Hesse’s views were echoed by Frances Marshall (Special Counsel for Intellectual Property, Antitrust Division), who provided additional justifications for the DOJ’s IEEE letter, including that the letter reflects current law on patent damages, stating, “there is nothing in the policy that is dramatically different from where damages law is right now.” One panelist disagreed, noting the letter mischaracterizes the current state of the law on patent damages and fails to address the complicated issue of patent holdup.
FRAND-Encumbered SEP Holders and Injunctive Relief
There was also a brief discussion regarding the antitrust agencies’ use of antitrust enforcement to challenge SEP owners that seek to obtain injunctions against alleged infringers. One speaker highlighted that the DOJ has not used Section 2 of the Sherman Act to challenge such conduct, but may be analyzing the issue. However, Federal Trade Commissioner Joshua Wright reiterated his view that antitrust enforcement is not the proper venue to resolve contract disputes over FRAND commitments between SEP holders and licensees. Commissioner Wright, and other panelists, asserted that there is a lack of empirical evidence supporting when holdup occurs, stating we have “fallen prey” to the presumption idea that holdup is proven harmful. He also reiterated his disagreement with the FTC’s use of Section 5 of the FTC Act to challenge FRAND-encumbered SEP holders who sought injunctive relief. Moreover, according to Commissioner Wright, courts have determined that the breach of a FRAND commitment in the absence of deception does not constitute an antitrust violation.
Mechanisms for the Economic Analysis of IP Rights
During his keynote address, Commissioner Wright questioned whether cases involving intellectual property rights are an appropriate forum for a truncated or “quick look” rule of reason analysis and went so far as to state that he believes the use of truncated analysis by the FTC in IP cases is one of the things the agency is getting wrong. A full-blown rule of reason analysis tests whether the anticompetitive effects of a challenged restraint outweighs the procompetitive benefits, where proof of anticompetitive effects is required, usually through detailed proof of market power, market shares, and other empirical evidence. Commissioner Wright believes that adopting shortcuts to test the consumer welfare effect of certain conduct in the IP context may not yield the correct result. He noted that truncated analysis is producing results that are different from a standard effects based analysis and believes the full-blown rule of reason analysis is most appropriate, unless and until judicial and economic analysis suggest that errors using a truncated method will not widely occur.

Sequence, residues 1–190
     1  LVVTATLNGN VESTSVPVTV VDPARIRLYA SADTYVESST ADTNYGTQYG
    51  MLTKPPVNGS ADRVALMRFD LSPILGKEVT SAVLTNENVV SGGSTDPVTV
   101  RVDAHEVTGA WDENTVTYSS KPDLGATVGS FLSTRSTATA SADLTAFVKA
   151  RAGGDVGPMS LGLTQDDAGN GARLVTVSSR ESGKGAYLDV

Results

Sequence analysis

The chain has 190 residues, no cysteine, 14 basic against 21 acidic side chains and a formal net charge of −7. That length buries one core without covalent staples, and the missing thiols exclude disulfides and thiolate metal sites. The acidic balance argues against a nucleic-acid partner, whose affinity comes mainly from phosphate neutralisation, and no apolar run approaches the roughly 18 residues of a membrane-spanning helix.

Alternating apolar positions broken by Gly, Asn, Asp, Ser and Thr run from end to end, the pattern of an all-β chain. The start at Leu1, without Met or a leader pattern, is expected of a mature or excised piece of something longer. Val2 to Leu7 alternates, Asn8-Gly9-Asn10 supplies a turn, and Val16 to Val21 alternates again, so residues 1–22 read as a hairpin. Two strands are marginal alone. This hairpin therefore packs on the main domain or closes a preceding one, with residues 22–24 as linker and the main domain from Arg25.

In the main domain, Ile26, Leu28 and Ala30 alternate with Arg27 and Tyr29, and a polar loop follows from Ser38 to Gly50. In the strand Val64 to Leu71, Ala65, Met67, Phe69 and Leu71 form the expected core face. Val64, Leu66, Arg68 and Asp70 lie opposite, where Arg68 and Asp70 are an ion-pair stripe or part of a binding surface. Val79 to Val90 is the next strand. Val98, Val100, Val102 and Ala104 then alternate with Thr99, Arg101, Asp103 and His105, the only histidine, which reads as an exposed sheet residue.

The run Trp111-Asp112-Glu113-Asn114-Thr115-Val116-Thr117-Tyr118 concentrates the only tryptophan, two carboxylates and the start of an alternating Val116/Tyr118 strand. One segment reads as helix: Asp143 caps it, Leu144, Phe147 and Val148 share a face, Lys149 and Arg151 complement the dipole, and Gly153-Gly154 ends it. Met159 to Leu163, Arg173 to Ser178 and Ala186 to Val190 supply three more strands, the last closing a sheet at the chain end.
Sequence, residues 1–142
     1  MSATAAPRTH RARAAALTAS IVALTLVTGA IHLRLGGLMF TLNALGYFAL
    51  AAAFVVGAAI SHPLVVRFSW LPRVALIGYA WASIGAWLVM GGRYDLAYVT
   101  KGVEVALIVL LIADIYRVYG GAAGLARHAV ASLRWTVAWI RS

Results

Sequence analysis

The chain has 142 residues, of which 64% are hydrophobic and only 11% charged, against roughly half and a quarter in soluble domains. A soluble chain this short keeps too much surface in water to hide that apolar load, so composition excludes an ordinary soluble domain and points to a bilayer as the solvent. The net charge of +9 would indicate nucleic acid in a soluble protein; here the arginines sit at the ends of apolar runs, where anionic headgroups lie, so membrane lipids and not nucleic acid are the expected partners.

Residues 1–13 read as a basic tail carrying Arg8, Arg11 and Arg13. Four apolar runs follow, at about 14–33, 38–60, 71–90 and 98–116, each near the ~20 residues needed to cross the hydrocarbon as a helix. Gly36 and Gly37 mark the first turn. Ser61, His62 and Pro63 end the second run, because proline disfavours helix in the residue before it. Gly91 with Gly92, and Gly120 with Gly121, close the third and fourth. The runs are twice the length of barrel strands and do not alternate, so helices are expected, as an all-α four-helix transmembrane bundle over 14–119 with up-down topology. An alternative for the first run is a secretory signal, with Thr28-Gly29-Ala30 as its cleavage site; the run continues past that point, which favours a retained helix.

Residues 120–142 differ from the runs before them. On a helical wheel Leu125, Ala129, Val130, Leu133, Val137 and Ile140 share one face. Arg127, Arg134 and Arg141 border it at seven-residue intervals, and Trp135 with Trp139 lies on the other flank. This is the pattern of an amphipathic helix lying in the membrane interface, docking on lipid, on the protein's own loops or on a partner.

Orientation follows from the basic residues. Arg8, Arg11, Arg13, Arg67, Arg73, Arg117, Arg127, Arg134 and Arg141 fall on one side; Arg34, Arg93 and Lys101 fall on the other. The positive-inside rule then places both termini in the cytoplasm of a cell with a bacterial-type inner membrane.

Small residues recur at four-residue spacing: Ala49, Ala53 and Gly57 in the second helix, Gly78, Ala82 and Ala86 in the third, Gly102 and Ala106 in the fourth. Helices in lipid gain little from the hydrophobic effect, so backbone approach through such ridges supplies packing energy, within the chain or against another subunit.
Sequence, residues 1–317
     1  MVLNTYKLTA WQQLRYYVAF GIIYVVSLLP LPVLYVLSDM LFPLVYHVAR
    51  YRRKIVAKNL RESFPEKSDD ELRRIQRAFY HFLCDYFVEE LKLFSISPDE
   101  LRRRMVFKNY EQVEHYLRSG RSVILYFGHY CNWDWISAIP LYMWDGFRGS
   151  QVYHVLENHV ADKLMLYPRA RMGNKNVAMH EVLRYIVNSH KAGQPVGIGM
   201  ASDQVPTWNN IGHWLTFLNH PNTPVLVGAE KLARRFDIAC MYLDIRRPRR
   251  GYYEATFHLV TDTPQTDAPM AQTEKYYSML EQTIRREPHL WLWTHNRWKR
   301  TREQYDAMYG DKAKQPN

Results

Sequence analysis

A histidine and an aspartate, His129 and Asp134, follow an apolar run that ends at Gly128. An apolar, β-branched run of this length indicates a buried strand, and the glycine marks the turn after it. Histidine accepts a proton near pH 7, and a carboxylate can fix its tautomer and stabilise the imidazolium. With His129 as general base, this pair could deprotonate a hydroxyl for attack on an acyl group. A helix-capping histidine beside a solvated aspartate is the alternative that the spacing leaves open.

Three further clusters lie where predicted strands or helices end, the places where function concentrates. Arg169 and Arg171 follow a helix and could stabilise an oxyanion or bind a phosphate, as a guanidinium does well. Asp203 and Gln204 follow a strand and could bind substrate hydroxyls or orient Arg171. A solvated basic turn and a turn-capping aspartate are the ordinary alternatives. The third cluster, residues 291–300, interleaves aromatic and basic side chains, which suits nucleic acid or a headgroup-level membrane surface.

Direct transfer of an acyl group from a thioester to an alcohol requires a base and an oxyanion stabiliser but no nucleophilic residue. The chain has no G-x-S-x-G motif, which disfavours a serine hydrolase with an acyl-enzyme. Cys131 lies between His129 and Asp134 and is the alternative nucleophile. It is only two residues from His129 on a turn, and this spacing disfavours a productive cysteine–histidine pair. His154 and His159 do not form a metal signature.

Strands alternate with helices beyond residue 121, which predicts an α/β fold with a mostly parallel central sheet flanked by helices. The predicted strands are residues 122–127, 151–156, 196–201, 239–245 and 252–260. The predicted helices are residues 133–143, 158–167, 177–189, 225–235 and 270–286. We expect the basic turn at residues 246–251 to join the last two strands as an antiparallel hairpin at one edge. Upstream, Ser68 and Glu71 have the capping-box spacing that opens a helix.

Other panelists addressed whether and the extent to which economists can aid the analysis regarding the calculation of FRAND royalty rates. One panelist suggested that the proper question is not necessarily asking “what is the reasonable royalty rate” but “what is the rate necessary to encourage innovation?” Focusing on what is needed to encourage innovation may, in fact, be the more appropriate framing question for economic analysis.
US Patent Reform and Its Implications
The final panel of the day provided insight into several large corporations and their “battle of business models” over intellectual property rights. Certain company representatives maintained that more time is needed to determine whether additional tweaks are needed to the patent system in the post-America Invest Act world before adopting wide sweeping patent reform. Meanwhile, others proclaimed that rampant abuses have continued to persist in patent litigation and further legislation is required to implement fee shifting, limit damages to the smallest saleable unit, and to have the USPTO grant fewer patents.
Given the tone and tenor of the discussions surrounding the DOJ’s IEEE letter, the DOJ and FTC’s scrutiny of the conduct of FRAND-encumbered SEP holders, and the agencies’ continued interest in the structure and operation of standard setting organizations, it is clear that the agencies believe that competition law is well placed to help resolve FRAND disputes and other issues that arise in the IP context that threaten to harm competition to the detriment of consumers. Thus, the high-tech industry and its participants should expect continued scrutiny by the antitrust enforcement agencies for the foreseeable future.